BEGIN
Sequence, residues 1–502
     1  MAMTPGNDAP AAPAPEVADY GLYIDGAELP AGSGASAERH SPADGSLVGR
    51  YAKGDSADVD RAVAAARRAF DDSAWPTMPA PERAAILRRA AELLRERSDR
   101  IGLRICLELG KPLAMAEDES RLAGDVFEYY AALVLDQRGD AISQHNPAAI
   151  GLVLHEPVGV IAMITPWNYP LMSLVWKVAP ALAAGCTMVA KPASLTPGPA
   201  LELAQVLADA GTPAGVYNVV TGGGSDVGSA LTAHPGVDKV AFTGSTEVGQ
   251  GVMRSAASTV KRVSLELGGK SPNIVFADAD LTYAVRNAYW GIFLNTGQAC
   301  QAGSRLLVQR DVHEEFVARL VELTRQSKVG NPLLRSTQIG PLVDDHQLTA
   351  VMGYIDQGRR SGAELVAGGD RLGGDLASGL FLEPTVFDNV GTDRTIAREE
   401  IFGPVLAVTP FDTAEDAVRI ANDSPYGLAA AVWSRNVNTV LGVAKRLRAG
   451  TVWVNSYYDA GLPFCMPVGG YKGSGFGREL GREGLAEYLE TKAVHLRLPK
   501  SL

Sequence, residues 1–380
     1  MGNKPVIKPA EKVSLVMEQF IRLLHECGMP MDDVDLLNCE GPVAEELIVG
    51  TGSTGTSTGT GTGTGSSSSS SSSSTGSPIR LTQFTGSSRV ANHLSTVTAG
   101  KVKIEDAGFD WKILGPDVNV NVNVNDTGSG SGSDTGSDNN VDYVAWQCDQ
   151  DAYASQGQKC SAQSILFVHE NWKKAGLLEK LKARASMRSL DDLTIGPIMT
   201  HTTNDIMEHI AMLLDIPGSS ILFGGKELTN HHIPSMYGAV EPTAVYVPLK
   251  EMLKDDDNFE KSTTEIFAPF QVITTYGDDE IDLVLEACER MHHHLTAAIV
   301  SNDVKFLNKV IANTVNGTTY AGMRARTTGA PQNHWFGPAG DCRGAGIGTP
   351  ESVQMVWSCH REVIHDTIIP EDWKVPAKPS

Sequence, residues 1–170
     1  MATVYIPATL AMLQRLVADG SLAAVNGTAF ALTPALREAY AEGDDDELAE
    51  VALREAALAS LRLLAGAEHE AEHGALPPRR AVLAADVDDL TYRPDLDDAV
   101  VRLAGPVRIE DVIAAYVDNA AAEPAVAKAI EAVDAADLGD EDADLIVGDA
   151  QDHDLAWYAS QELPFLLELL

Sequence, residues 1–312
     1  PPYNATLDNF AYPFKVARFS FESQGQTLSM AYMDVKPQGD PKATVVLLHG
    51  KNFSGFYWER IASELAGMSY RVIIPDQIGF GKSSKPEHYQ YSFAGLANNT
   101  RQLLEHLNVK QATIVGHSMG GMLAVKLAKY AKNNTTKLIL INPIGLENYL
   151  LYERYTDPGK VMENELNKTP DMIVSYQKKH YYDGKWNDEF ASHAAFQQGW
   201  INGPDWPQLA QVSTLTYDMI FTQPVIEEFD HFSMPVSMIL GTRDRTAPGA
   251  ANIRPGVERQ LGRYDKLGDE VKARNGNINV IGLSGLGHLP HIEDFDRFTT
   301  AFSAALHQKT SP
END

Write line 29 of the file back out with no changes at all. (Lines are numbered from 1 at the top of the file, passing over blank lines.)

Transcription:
    51  KNFSGFYWER IASELAGMSY RVIIPDQIGF GKSSKPEHYQ YSFAGLANNT